The South African government has launched a formal investigation into claims made on social media of the existence of massive diamonds within easy reach near the town of Ladysmith, about 360 kilometers (224 miles) southeast of Johannesburg.
The country’s Department of Mineral Resources and Energy ordered people on Tuesday to halt the search as thousands continue to travel from across South Africa to join villagers who have been digging in the area since Saturday.
The Department noted it was sending a team of geological and mining experts to the site to collect samples and conduct an analysis.
The KwaZulu-Natal provincial government took to Twitter to express its concern on the unprecedented “diamond rush”:
KZN PREMIER CALLS FOR ORDER AMID REPORTS OF A “DIAMOND RUSH” IN KWAHLATHI NEAR LADYSMITH— KZN Provincial Gov (@kzngov) June 13, 2021
The KwaZulu-Natal provincial government has noted with concern, the reports of illegal mining activity taking place at KwaHlathi outside Ladysmith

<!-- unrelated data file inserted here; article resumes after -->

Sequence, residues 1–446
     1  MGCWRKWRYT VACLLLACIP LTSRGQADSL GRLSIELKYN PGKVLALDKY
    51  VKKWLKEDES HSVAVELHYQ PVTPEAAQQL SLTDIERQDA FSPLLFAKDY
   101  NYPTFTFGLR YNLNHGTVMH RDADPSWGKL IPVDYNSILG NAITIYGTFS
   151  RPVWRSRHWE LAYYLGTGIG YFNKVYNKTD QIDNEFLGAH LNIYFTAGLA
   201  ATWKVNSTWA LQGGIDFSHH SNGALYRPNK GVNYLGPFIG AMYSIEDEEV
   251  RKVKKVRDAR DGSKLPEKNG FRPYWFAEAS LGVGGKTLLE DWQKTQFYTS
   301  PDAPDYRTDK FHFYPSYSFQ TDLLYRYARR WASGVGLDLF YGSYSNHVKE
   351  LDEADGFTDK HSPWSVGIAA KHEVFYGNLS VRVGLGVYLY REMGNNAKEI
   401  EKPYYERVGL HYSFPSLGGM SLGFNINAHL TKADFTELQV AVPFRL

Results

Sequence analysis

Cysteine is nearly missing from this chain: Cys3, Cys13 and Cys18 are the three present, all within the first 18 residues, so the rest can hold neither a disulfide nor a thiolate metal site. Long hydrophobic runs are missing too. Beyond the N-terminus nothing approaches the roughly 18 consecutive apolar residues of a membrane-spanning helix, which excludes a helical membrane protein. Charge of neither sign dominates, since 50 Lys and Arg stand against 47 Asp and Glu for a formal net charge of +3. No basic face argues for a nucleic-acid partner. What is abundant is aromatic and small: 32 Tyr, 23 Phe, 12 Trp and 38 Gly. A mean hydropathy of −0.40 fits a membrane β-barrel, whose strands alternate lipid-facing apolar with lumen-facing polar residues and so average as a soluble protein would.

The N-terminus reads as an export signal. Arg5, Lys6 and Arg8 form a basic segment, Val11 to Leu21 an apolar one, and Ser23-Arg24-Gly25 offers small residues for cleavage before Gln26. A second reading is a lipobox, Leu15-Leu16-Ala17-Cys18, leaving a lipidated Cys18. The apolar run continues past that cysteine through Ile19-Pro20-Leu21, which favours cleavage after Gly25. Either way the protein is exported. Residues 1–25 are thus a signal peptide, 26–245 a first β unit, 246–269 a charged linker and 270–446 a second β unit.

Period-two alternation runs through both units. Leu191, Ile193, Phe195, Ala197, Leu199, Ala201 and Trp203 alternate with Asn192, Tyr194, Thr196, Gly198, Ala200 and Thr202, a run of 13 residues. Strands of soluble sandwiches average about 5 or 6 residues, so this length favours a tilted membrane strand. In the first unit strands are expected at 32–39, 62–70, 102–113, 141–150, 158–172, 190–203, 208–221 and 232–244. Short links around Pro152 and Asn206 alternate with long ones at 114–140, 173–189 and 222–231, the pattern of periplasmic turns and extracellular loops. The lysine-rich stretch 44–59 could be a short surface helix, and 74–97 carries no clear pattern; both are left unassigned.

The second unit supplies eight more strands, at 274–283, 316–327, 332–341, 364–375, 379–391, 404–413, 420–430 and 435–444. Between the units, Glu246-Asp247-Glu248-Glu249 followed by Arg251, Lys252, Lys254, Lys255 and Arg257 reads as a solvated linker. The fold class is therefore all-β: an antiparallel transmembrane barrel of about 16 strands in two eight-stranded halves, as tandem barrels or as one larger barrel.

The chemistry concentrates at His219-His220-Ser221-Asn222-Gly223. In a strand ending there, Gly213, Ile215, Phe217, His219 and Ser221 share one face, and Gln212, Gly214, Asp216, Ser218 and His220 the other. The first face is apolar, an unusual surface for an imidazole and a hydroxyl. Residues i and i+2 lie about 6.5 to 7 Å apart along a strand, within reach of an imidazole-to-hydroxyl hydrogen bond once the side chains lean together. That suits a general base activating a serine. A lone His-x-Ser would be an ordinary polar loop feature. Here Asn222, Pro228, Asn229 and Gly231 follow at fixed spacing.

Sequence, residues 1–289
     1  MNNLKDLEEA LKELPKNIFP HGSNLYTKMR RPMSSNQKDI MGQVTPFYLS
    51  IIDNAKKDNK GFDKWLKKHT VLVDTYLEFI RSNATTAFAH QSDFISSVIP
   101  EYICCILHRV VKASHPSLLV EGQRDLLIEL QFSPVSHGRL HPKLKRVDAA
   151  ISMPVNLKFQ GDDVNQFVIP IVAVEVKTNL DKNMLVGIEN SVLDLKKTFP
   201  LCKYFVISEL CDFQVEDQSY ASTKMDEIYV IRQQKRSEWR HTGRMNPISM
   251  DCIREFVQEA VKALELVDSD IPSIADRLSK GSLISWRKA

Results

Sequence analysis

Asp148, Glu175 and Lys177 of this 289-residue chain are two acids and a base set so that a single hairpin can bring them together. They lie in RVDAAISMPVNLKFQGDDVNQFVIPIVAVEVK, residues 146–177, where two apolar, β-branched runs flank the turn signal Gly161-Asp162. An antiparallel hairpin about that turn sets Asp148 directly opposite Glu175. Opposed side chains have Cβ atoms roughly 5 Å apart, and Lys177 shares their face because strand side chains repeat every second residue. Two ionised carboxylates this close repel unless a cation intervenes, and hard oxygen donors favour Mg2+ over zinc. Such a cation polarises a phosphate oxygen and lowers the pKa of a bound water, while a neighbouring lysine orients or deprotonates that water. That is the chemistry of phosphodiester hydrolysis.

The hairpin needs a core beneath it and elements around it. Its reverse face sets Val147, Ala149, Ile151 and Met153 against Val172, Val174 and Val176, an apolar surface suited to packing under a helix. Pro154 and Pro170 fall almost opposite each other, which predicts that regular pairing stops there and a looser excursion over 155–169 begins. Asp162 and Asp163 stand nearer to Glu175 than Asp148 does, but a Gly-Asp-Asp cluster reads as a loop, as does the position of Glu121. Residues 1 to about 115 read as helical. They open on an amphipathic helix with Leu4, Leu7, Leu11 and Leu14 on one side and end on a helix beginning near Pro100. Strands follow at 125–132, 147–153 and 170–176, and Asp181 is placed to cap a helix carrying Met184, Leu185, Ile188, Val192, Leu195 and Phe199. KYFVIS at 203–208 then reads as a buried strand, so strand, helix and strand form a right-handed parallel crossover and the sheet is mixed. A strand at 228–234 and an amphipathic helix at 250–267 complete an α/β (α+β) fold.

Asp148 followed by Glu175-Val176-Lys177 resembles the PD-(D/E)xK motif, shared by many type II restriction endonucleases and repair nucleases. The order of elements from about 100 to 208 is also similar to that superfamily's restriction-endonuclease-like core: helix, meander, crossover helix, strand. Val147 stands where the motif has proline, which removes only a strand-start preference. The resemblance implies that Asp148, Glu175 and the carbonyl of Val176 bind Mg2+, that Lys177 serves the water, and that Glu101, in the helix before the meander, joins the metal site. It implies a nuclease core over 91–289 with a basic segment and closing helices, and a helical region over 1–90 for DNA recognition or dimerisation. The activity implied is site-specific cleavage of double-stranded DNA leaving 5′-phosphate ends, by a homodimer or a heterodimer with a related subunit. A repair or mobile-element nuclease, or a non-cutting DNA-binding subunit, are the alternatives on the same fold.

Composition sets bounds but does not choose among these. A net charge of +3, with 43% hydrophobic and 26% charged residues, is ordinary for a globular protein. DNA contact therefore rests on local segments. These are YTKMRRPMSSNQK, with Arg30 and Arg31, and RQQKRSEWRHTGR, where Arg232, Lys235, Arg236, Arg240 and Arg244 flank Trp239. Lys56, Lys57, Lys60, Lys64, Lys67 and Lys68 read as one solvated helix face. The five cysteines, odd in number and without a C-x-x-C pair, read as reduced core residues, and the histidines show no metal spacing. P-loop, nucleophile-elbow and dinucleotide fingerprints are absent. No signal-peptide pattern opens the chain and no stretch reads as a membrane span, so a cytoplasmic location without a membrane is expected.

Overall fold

Video : supplied #DiamondRush pic.twitter.com/zy1oyIhPQz
KwaZulu-Natal premier Sihle Zikalala expressed concern about the crowd gathering in the area, saying illegal mining activities could violate covid-19 regulations.
“We are worried that if not brought under control, the situation could result in chaos and a possible stampede,” he said.
In one of the now-viral videos, an unidentified man can be heard speaking in isiZulu and jokingly telling his partner, over the phone, to burn everything at home because he had won big.
“Ngiyakuthanda yazi baby, uBaba seke winile [I love you, baby. Daddy has won],” the man can be heard saying while the crowd in the background laughs.
“Lalela, siyodla eDubai manje [Listen, we’re going to eat in Dubai now].”
Our people have found diamonds in a village in KZN. Can our government NOT stick its sticks fingers in this operation. The PEOPLE SHALL SHARE IN THE COUNTRY’s WEALTH ✊🏽 pic.twitter.com/Uch1sa0BET— jjsesing (@JjSesing) June 13, 2021
The race to find diamonds shows desperation among people struggling to find income in an economy severely hit by the pandemic. The unemployment rate in Africa’s most-industrialized nation rose to a record 32.6% in the first quarter.
Some people have started selling the stones, with the starting price ranging from 100 rand ($7.29) to 300 rand.